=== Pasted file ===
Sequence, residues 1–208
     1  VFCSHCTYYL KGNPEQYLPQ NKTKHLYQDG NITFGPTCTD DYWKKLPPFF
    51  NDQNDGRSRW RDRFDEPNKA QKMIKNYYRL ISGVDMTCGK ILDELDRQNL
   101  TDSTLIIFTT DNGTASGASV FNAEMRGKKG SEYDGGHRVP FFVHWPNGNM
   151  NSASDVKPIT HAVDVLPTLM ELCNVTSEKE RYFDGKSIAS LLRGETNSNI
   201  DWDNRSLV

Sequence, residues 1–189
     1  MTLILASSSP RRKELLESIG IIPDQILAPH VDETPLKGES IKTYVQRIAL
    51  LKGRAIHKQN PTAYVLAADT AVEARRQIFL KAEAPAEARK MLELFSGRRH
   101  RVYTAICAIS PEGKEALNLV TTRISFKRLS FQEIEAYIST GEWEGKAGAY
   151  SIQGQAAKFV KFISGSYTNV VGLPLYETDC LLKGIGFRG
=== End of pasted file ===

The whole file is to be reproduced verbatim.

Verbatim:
Sequence, residues 1–208
     1  VFCSHCTYYL KGNPEQYLPQ NKTKHLYQDG NITFGPTCTD DYWKKLPPFF
    51  NDQNDGRSRW RDRFDEPNKA QKMIKNYYRL ISGVDMTCGK ILDELDRQNL
   101  TDSTLIIFTT DNGTASGASV FNAEMRGKKG SEYDGGHRVP FFVHWPNGNM
   151  NSASDVKPIT HAVDVLPTLM ELCNVTSEKE RYFDGKSIAS LLRGETNSNI
   201  DWDNRSLV

Sequence, residues 1–189
     1  MTLILASSSP RRKELLESIG IIPDQILAPH VDETPLKGES IKTYVQRIAL
    51  LKGRAIHKQN PTAYVLAADT AVEARRQIFL KAEAPAEARK MLELFSGRRH
   101  RVYTAICAIS PEGKEALNLV TTRISFKRLS FQEIEAYIST GEWEGKAGAY
   151  SIQGQAAKFV KFISGSYTNV VGLPLYETDC LLKGIGFRG